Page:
HOW TO GO
What: The Blue House Art Gallery, 3325 Catalpa Drive
Gallery hours: Fridays 4 p.m.-7 p.m.
If you’re not an art lover, we’ve found the perfect art gallery for you. If you are an art lover and haven’t visited the Blue House Art Gallery yet, it’s time to discover this hidden gem.
Walking through a professional gallery, where the decibel level hardly rises above a whisper and the piece descriptions seem to be written only for art history majors, can be an intimidating experience. You can miss out on some fascinating art pieces because you don’t feel at home in a gallery or are hesitant to seem uninformed.
That’s why the Blue House Art Gallery works: How can you not feel at home at an exhibit actually in a home? When you’re examining pieces on the walls while sipping a beer you picked up from the kitchen down the hall, and you’re feeling the squish of a carpet beneath your feet as you move onto the next piece?
Artists and husband-and-wife duo Nicholaus Arnold and Ashley Jonas weren’t initially planning on making Dayton their home for the long haul; they were to stay in the Gem City, Arnold’s hometown, long enough to help a friend turn a cobwebby two-story home on Catalpa Avenue into an art gallery after Key West native Jonas completed grad school in Boulder, Co.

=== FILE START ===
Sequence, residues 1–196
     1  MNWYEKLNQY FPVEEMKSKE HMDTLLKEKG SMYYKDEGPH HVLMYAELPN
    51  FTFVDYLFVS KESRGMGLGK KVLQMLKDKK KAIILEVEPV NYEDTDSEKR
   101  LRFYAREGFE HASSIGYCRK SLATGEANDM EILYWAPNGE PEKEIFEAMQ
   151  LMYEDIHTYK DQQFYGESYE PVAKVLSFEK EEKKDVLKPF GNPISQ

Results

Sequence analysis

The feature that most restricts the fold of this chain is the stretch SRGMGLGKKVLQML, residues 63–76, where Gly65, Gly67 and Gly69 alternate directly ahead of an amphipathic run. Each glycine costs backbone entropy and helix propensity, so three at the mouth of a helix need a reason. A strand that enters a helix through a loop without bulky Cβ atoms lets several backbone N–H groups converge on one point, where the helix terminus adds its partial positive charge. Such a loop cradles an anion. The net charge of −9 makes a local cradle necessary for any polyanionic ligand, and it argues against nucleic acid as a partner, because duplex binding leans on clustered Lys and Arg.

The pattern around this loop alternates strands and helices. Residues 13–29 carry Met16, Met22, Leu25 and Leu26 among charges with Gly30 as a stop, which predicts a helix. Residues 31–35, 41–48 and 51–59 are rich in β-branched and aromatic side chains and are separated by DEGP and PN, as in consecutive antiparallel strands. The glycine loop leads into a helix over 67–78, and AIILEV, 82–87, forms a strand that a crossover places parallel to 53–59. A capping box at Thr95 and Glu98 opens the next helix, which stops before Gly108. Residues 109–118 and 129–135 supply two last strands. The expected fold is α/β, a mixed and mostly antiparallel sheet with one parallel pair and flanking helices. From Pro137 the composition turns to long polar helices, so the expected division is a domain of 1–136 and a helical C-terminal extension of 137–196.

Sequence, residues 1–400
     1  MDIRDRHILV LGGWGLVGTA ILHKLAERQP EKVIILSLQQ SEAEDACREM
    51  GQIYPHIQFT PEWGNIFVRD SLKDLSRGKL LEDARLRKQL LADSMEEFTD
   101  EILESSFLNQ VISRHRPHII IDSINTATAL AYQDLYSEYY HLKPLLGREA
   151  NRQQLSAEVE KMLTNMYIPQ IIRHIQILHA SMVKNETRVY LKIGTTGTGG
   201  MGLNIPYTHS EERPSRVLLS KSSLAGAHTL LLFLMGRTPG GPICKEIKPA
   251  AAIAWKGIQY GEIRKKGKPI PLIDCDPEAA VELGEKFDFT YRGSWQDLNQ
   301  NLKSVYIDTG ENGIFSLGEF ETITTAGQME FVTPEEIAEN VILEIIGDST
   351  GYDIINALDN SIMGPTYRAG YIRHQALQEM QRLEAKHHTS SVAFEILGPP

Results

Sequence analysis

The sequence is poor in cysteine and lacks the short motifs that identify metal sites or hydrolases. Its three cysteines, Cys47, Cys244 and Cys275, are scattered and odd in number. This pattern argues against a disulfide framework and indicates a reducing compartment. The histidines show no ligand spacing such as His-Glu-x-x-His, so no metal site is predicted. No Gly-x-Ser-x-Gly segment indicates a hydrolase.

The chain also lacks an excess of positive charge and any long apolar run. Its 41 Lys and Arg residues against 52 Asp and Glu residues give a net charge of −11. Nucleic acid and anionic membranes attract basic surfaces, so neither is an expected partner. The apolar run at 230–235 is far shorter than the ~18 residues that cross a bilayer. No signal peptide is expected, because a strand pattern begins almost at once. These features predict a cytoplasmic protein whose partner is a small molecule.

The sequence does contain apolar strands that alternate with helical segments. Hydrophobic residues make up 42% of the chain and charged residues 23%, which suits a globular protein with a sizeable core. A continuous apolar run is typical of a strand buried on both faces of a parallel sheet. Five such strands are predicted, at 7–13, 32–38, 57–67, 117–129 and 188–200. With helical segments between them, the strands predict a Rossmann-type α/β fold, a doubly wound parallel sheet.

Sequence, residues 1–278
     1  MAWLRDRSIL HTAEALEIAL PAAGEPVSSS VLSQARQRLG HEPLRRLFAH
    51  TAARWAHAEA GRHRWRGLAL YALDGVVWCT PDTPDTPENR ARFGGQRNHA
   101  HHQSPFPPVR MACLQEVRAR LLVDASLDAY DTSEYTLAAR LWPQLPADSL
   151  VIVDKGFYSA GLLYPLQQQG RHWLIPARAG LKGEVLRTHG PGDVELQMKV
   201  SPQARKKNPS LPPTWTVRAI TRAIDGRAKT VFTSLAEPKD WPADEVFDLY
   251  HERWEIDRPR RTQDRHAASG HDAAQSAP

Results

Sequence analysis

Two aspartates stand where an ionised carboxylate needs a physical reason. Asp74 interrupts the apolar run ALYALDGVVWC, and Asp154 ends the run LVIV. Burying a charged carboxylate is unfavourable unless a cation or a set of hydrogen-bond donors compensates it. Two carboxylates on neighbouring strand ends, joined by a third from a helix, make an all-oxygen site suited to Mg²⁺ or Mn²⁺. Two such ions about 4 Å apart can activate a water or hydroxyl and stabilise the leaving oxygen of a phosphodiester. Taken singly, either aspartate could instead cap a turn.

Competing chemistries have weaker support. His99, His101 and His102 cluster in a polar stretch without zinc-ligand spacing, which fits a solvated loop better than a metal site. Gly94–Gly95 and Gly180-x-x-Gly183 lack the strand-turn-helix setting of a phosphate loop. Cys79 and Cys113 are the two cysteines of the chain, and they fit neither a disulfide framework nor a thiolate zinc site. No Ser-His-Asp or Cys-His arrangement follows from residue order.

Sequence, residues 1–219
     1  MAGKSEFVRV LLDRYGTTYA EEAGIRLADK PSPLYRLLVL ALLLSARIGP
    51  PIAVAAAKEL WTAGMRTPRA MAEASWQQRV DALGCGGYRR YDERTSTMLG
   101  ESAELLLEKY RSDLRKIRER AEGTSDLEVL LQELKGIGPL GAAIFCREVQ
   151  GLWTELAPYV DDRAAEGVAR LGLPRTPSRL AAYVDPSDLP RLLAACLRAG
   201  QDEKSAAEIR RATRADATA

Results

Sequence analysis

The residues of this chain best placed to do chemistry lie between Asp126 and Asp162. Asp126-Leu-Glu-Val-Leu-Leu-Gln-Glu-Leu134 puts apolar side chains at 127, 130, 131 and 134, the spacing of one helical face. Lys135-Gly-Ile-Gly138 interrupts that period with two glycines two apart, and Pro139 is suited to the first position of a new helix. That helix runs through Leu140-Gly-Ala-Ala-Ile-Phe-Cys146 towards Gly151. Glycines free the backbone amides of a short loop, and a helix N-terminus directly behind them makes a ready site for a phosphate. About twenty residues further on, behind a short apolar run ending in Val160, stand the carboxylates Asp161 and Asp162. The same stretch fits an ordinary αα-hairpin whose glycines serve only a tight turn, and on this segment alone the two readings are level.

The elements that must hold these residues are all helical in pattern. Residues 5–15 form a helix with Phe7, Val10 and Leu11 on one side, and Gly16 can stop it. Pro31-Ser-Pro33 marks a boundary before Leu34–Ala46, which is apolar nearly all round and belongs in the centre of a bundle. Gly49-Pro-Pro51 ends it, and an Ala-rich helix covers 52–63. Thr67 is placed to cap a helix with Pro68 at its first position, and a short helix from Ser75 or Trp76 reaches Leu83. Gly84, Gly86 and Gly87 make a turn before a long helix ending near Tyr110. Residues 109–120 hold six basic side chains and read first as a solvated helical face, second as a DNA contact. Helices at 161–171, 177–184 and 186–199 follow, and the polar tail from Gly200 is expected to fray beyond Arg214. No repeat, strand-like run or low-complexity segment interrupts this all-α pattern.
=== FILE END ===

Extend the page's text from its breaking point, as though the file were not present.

“We were driving back here, and I told him, you know we’re not going to live in Dayton forever, right,” Jonas laughed. Never say never, right?
As they worked on the house, the draw of an artistic renaissance in the city became too appealing to pass up.
“A lot of stuff did die in Dayton, but the upside is that artists can actually live here now,” Arnold said.
After about six months of breaking down walls, building new ones, painting and renovating, the Blue House Art Gallery opened in August 2014, and now it boasts art gallery space with a waiting list of monthly rotating contemporary exhibits, a currently occupied artist-in-residence space, and studio space for Jonas and Arnold. Oh, and their home areas upstairs too.
“This was just going to be home base for a little bit, but then opportunities just started happening, so we just said, let’s go through these doors and grab these opportunities,” Jonas said. “It’s been less than a year that we’ve had it open, and we already feel that it’s already gotten good.”
Both adjunct professors by day at several colleges in the area, the couple curate each exhibit along with a little help from friends, and throw a free public opening ahead of the exhibit, with complimentary wine and beer for art lovers and non-art lovers alike. It doesn’t matter if you’re a staple of the local scene or you’ve never set foot in a museum; you’re at home here.
“We get a lot of people from the neighborhood who come in for our openings, and they’re seeing pretty contemporary work where they probably wouldn’t see it on their own,” Arnold said. “It’s a welcome, not preachy art environment; it’s just in our house; have a drink and chill out.”
It’s also, they hope, an exchange of exposure.
“We’re bringing people outside of Dayton into Dayton, with our visiting artists, and also exposing Dayton to work they wouldn’t see if we weren’t here,” Jonas said.